Citizens must vote for change | mumbai | Hindustan Times
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Citizens must vote for change

I have been a citizen activist for the past 20 years. For a long time, my approach was similar to the approach of a majority of citizens — to only show concern about the lack of good governance in Mumbai and campaign as an outsider. However, I realised soon enough that my own non-participation in this ‘participative democracy’ was adding to the city’s problems. I decided to walk the talk. This year, I am contesting as a citizen’s candidate for the upcoming BMC elections.

mumbai Updated: Jan 08, 2012 01:03 IST

I have been a citizen activist for the past 20 years. For a long time, my approach was similar to the approach of a majority of citizens — to only show concern about the lack of good governance in Mumbai and campaign as an outsider. However, I realised soon enough that my own non-participation in this ‘participative democracy’ was adding to the city’s problems. I decided to walk the talk. This year, I am contesting as a citizen’s candidate for the upcoming BMC elections.

But my struggle started more than a decade ago. I began by gaining knowledge about the workings of our government by getting involved with non-profit organisations, ALMs and citizens movement groups.

The work I did with them opened my mind to people’s participation. My vision to shape in 2000 when I formed the F-South Ward Citizens’ Forum trust.

In 2006, I took up the initiative to fight for the damage done to pavements and footpaths because of the pandals that were raised during political rallies. I persuaded the authorities at the BMC to take immediate action. In 2008, because of my constant follow-up the authorities decided to impose a fine of Rs 2,000 for every hole and damage. It was one of my early successes and then there was no looking back.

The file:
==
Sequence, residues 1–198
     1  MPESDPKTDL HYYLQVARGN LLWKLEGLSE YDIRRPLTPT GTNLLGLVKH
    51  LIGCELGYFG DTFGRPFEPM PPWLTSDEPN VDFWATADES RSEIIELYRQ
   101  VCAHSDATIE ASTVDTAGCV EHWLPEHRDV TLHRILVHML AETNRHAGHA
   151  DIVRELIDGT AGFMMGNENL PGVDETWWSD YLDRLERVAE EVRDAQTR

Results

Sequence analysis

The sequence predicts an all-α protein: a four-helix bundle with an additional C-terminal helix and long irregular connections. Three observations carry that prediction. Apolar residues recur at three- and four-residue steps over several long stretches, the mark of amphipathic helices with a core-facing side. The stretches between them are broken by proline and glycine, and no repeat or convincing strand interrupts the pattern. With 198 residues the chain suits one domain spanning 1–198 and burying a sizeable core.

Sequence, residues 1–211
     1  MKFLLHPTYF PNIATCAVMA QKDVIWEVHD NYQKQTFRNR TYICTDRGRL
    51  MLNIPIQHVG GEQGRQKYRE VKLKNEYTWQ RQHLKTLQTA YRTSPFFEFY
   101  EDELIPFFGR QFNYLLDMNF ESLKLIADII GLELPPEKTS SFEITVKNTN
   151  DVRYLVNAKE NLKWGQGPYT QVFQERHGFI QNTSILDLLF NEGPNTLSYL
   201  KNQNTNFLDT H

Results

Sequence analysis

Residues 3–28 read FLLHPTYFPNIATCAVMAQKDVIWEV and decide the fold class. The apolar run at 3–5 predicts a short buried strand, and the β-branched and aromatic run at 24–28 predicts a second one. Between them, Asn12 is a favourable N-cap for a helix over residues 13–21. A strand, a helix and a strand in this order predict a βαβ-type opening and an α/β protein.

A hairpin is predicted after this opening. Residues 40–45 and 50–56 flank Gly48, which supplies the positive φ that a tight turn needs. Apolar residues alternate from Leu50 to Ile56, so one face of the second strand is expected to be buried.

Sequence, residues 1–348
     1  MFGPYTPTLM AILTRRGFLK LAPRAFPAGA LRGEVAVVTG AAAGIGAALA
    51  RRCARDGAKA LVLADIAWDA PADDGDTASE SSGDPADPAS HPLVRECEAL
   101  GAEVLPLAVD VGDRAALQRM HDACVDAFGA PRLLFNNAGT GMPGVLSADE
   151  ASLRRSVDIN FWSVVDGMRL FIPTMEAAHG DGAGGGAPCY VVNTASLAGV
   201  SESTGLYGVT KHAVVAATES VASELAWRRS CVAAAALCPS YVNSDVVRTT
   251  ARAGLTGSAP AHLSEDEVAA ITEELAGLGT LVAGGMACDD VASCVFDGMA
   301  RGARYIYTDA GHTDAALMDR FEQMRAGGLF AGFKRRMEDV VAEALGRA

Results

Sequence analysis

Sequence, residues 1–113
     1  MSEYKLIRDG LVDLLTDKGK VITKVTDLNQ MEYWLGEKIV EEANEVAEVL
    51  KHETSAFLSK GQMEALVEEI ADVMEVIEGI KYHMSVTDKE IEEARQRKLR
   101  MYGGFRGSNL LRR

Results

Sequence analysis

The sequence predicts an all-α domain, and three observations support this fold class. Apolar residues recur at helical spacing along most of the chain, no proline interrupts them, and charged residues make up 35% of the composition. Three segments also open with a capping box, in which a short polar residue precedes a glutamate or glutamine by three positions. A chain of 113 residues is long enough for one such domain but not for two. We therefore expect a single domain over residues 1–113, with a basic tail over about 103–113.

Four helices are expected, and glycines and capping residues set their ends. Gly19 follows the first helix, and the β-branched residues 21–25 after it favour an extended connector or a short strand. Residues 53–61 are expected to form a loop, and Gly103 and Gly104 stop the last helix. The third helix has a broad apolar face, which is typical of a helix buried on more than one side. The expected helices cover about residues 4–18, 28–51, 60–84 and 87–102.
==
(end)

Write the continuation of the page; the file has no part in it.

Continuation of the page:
It also helped me realise that a common man can make a a difference if he tries.

For instance, the citizens of Mumbai need to realise that persistent measures can bring about change. Simple things like using complaint and helpline numbers such as 100 for the police and 1916 for the BMC to solve neighbourhood problems and then following it up if no action is taken with Right to Information can bring about positive results.

I also firmly believe that the citizens need to use RTI Act to ensure trustworthy governance, resort to correction of mistakes that have been done, remove ill practices within the system and bring about accountability and transparency.

What Mumbai also needs is transparency from its authorities. We must make the most of the internet and coax the BMC to upload records of the revenue spent on each project. All work orders given to contractors should also be published on the website. This will help reduce corruption. Citizens should form social audit groups. If I get elected I also plan to set up citizens social audit teams that will track each corporator and keep an eye on his and authorities expenditure.The government in turn needs to support the functioning of the city by encouraging active people’s participation through ALMs and other community organisations.

(The writer is an RTI-activist and is contesting the BMC elections from 195 ward.)